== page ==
Tracker Pixel for Entry

​Crime, passion, and both together in new Blu-rays

by Christopher P. Jacobs | .(JavaScript must be enabled to view this email address) | Cinema | June 21st, 2017

A couple of classic courtroom dramas and a romantic melodrama about theatrical ambition, all adapted from popular novels of their day, are among the recently released Blu-rays by Kino-Lorber. All were made by major filmmakers with famous stars, yet each is relatively obscure today and deserves to be better-known.

“Marjorie Morningstar” (1958) was a best-selling romantic saga by noted author Herman Wouk, probably best-remembered today for “The Caine Mutiny” and “The Winds of War,” which became a hit film and popular TV mini-series, respectively.

Wouk published his latest novel in 2012 at age 97, a memoir in 2015 at age 100, and is still active at age 102.

Natalie Wood stars as the title character, a teenage Jewish girl who longs for a career as an actress and changes her name from Morgenstern after meeting the dashing director of a theatre company at a summer resort (Gene Kelly), who himself is hoping for a more lucrative career doing musicals for Broadway.

Naturally they fall in love and the film explores the conflict of following one’s heart vs. the pressures of practical reality, family, and Jewish heritage over several years. Kelly gets in one good dance number near the beginning, but the film centers around Wood’s character.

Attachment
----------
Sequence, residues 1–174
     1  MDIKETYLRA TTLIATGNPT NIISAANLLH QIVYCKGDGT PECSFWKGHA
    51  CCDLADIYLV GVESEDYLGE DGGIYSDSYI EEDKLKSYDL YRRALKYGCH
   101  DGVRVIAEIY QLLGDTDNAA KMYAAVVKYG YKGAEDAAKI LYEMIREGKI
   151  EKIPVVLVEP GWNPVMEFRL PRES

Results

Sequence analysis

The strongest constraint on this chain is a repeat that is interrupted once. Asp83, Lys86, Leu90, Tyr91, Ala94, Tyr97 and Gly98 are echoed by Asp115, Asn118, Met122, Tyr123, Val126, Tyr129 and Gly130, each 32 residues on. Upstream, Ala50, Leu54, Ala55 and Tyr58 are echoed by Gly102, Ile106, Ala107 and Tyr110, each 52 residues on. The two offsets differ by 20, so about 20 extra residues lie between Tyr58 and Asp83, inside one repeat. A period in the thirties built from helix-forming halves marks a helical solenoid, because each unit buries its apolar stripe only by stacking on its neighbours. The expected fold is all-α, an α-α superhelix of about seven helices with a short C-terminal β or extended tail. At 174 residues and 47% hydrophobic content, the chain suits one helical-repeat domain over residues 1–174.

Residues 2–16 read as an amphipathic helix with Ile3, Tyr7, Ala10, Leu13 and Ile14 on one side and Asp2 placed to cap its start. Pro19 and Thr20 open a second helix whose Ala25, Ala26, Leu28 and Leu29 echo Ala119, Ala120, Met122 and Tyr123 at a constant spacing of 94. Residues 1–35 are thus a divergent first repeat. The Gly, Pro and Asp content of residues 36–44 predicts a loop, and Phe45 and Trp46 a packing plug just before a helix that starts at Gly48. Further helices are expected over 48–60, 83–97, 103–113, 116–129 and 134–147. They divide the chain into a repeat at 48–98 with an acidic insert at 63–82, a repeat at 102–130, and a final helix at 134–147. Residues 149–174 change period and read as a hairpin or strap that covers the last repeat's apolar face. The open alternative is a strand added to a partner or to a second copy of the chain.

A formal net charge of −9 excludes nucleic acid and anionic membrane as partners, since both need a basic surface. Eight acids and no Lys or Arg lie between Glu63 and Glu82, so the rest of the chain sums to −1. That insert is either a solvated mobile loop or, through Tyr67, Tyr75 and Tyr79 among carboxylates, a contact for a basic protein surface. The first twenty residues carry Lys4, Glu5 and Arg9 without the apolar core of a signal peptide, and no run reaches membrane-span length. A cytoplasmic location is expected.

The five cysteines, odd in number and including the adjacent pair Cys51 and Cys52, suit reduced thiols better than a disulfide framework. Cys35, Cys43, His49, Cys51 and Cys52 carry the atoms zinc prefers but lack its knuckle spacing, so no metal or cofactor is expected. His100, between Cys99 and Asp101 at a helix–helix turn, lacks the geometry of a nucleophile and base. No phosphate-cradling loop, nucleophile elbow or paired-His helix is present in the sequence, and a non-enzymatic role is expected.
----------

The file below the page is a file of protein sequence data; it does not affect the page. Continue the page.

Wood dominates the picture, torn between sticking by the more worldly, self-centered Kelly and taking various other opportunities as their situations become more complicated. An all-star cast of character actors (including Claire Trevor, George Tobias, Martin Balsam, Ed Wynn, and Everett Sloane) flesh out the other people in their lives. Fitting nicely into the mix are Carolyn Jones and Martin Milner as the more daring best friend and a promising young playwright also in love with Marjorie.

Kino’s Blu-ray displays good film grain structure and color, although splotches of emulsion damage periodically show up as colored spots. Audio dynamic range is quite good. The only bonus feature is a gallery of six trailers to other romantic melodramas of the era.

MARJORIE MORNINGSTAR on Blu-ray: Movie: B+ / Video: A / Audio: A / Extras: D

“Compulsion” (1959) was based on Meyer Levin’s award-winning novel of the same name that fictionalized the famous Leopold-Loeb murder case of 1924 (which also inspired the Hitchcock film “Rope”), but was carefully based on the actual facts in the manner of later nonfiction novels like Truman Capote’s “In Cold Blood” and Norman Mailer’s “The Executioner’s Song.” To avoid lawsuits, names of characters in the film are all changed.

In the first half of the film, director Richard Fleischer effectively builds the characters of its two college-student protagonists (Dean Stockwell and Bradford Dillman), both from wealthy Chicago families and mentally brilliant, who decide to commit a murder as an intellectual exercise. The murder itself is not depicted on screen (to avoid disturbing 1950s audiences), but the detailed investigation quickly becomes the main focus, with Leopold and especially Loeb basking in the notoriety of their crime, even giving tips to the detectives.